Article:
Author Topic: Premium ingredient trading  (Read 5725 times)

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Offline norma427

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Re: Premium ingredient trading
« Reply #40 on: February 06, 2013, 10:33:10 PM »
Norma,

The restriction imposed by SI applies to reproducing the cultures for purposes of resale. I assume that you are not charging the people to whom you have been sending dried forms of the Ischia culture. If not, you should be OK. Ed Wood knows full well that purchasers of his cultures for personal, home use are going to share them with others.

Peter

Peter,

No, I never charged any member for the dried out Ischia starter.  I don't even know though if I will send any more dried out starters.  Just thinking about it makes me wonder.  :-\

Norma
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Offline TXCraig1

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Re: Premium ingredient trading
« Reply #41 on: February 06, 2013, 10:34:39 PM »
If I was going to start a buisness, I wouldn't care how negatively I effefected the other businesses I would be competing.

Even if your actions were unethical?
Pizza is not bread.

Offline Tdavis

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Re: Premium ingredient trading
« Reply #42 on: February 06, 2013, 11:25:39 PM »
Strictly business wise, if it was legal, then yes even if it was unethical as long as it was legal. With regards to buisness, I'm trying to make money not freinds. I would also expect my oppenets to try and do the same to me. Outside of buisness or my livelihood, I defintly would not do anything unethical.

Offline jeffereynelson

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Re: Premium ingredient trading
« Reply #43 on: February 07, 2013, 04:39:47 AM »
Strictly business wise, if it was legal, then yes even if it was unethical as long as it was legal. With regards to buisness, I'm trying to make money not freinds. I would also expect my oppenets to try and do the same to me. Outside of buisness or my livelihood, I defintly would not do anything unethical.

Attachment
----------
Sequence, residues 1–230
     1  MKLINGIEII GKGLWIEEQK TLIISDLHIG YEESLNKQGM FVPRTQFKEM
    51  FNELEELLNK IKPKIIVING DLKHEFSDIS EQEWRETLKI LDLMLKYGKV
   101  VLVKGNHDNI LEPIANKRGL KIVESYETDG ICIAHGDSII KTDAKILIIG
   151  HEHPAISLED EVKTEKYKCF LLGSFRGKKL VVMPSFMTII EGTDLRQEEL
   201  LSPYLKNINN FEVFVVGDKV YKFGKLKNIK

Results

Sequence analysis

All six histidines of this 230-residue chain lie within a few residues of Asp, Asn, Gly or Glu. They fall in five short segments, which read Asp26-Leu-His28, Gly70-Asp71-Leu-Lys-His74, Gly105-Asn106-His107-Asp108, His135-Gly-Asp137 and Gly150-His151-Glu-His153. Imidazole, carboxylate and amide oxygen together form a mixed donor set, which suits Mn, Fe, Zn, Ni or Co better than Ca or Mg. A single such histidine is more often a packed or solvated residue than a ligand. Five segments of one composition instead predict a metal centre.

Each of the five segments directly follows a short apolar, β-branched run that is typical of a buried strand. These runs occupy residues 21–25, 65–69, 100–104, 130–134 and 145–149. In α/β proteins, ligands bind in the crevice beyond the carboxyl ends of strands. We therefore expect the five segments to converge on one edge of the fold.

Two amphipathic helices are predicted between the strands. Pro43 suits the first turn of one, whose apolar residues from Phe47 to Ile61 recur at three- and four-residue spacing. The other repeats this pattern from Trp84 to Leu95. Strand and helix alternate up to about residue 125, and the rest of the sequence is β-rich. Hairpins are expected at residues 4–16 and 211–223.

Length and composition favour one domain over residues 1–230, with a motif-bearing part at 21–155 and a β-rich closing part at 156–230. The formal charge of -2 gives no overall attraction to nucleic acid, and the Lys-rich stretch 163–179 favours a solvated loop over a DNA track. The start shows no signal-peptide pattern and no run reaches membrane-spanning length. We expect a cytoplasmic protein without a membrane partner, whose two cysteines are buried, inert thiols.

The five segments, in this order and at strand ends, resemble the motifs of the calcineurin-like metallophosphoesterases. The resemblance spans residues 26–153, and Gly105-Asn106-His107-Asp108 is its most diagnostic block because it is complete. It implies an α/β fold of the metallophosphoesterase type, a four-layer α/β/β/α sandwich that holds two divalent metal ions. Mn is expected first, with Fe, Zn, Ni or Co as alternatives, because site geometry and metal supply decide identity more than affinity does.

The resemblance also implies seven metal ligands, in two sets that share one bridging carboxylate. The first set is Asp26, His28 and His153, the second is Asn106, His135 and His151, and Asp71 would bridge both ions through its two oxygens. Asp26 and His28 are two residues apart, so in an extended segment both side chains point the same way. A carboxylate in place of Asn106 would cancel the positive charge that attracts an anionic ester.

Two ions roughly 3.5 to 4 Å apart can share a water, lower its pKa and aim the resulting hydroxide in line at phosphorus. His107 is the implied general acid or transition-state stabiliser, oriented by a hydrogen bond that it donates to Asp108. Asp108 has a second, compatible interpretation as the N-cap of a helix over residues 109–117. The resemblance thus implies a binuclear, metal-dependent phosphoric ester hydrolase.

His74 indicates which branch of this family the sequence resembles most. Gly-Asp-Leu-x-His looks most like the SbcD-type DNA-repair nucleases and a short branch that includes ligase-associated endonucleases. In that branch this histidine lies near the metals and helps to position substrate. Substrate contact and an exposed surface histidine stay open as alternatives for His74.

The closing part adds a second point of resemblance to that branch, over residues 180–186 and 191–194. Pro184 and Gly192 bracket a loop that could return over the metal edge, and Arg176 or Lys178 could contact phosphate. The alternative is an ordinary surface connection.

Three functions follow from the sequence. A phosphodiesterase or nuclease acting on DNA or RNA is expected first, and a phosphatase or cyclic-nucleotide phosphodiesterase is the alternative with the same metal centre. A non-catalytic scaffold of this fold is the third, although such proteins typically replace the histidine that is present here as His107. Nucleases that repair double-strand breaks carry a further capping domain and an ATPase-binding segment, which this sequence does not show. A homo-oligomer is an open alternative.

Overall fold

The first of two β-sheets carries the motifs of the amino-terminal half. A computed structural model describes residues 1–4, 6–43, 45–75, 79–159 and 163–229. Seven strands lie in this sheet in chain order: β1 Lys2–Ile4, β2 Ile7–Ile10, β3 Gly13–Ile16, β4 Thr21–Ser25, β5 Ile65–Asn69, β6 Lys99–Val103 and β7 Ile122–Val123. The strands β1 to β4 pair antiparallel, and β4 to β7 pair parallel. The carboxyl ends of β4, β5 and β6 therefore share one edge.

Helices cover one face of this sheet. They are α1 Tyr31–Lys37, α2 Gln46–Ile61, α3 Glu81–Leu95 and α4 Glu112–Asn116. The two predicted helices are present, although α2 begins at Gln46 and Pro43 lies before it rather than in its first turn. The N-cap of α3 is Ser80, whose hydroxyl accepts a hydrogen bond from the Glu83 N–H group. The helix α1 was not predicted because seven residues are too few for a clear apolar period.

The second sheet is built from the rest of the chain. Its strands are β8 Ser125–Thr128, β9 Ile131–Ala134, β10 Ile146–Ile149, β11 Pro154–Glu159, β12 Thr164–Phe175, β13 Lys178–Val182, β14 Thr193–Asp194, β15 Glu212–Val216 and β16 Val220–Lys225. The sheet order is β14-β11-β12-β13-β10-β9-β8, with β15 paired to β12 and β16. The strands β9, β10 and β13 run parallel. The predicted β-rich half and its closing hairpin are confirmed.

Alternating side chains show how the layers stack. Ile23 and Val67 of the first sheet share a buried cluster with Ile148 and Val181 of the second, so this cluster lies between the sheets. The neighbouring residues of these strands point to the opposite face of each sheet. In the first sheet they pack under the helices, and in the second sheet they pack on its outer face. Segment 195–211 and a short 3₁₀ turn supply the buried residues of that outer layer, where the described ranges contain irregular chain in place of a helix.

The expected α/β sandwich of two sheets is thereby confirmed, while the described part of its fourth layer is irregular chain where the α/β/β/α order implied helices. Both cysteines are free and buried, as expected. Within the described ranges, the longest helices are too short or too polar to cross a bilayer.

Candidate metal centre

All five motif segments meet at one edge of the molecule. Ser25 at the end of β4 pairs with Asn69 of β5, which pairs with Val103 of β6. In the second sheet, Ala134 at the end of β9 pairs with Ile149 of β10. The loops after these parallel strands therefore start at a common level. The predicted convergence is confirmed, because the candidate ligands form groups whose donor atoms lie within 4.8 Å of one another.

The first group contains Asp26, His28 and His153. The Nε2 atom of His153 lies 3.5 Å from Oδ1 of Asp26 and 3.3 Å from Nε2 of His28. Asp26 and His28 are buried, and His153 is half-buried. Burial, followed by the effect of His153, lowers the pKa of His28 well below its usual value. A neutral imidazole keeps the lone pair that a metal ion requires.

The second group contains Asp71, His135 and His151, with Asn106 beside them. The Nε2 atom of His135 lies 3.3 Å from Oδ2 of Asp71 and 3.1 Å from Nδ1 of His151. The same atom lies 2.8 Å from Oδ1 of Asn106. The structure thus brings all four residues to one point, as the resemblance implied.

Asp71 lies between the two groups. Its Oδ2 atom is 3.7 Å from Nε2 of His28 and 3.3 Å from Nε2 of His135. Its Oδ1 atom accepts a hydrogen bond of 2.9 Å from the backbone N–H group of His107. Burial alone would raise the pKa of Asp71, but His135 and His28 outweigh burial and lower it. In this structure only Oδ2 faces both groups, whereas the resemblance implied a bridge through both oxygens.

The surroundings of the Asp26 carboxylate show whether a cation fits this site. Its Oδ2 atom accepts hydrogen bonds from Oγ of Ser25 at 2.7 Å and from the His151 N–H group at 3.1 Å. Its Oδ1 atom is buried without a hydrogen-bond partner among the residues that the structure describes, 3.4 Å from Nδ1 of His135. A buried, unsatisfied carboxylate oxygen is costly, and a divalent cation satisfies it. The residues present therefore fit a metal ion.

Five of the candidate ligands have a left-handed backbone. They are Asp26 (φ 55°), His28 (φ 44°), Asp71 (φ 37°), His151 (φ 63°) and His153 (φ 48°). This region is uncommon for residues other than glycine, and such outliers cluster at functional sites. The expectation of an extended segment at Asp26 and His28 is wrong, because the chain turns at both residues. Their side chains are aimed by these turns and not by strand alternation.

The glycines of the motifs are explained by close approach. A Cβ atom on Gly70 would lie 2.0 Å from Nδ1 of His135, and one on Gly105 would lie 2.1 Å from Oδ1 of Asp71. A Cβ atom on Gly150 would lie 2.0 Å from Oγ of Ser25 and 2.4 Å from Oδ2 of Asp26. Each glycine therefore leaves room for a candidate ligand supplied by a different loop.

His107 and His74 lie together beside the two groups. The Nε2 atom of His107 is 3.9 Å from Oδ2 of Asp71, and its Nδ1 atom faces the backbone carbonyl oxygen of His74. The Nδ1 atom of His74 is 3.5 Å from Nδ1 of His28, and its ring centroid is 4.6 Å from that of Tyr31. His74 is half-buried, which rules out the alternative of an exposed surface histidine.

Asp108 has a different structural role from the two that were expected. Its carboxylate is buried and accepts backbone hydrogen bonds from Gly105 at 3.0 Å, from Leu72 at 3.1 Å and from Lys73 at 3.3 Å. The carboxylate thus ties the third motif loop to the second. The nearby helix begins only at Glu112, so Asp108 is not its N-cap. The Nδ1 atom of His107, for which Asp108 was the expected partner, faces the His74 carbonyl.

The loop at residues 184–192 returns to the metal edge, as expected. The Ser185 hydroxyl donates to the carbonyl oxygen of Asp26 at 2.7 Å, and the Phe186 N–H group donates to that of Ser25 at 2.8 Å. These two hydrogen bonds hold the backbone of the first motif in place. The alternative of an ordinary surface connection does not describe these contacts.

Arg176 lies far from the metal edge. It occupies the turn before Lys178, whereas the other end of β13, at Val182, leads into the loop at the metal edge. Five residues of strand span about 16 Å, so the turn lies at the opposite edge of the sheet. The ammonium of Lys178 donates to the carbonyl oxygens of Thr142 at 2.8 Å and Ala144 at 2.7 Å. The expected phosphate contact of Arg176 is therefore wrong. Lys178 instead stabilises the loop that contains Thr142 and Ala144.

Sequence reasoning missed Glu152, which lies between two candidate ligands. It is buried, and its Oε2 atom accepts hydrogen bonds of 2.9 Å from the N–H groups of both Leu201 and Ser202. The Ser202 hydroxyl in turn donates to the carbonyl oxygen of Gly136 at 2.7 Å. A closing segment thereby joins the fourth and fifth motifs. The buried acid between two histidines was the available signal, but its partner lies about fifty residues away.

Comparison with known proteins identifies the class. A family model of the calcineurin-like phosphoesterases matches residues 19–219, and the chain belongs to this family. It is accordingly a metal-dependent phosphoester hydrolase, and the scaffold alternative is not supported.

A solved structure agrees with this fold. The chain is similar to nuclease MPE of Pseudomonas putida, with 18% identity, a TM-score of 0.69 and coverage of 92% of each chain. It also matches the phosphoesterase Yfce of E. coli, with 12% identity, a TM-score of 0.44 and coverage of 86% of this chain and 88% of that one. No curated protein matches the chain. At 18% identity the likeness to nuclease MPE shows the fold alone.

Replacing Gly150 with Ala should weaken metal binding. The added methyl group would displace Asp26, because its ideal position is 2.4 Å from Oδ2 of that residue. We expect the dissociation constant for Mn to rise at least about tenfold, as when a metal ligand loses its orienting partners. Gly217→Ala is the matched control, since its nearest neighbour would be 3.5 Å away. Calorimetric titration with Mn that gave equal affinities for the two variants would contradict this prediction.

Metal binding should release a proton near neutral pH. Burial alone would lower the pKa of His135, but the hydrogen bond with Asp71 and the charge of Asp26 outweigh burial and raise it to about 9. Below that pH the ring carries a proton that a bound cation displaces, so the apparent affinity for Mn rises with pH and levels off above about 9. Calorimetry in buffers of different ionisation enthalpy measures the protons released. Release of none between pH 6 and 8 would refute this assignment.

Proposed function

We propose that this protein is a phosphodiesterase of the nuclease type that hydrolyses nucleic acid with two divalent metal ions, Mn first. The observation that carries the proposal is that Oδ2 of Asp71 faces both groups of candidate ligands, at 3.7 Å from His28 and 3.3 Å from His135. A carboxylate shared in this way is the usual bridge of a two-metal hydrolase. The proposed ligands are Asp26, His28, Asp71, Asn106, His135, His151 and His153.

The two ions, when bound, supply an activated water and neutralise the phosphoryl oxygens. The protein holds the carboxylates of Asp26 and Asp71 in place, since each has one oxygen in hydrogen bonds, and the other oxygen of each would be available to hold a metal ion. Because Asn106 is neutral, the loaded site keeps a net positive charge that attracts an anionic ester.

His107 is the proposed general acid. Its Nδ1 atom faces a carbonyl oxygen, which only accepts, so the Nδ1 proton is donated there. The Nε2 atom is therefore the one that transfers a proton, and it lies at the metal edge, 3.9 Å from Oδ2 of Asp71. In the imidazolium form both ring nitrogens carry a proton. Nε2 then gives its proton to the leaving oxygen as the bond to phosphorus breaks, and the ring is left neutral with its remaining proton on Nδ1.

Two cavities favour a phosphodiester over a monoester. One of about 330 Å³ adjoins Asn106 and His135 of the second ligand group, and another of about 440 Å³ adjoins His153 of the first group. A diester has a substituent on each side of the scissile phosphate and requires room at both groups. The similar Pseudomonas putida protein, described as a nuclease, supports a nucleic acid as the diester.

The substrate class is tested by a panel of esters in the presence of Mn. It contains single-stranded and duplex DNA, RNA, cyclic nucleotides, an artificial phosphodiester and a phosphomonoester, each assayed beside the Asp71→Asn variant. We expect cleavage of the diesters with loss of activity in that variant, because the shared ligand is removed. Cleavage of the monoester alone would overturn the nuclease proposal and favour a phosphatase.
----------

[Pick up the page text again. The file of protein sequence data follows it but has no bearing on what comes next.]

This post makes me sad.

Offline Tscarborough

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Re: Premium ingredient trading
« Reply #44 on: February 07, 2013, 07:47:18 AM »
Me too.  I'm talking about giving/trading among friends, not doing business.

Offline TXCraig1

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Re: Premium ingredient trading
« Reply #45 on: February 07, 2013, 08:40:05 AM »
Strictly business wise, if it was legal, then yes even if it was unethical as long as it was legal. With regards to buisness, I'm trying to make money not freinds. I would also expect my oppenets to try and do the same to me.

It's sad you think that is how business should be done. I see you're only 25. Hopefully as you get older and spend some time in business you'll learn and appreciate why this is wrong even if your competitors are unethical.
Pizza is not bread.

Offline Bill/SFNM

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Re: Premium ingredient trading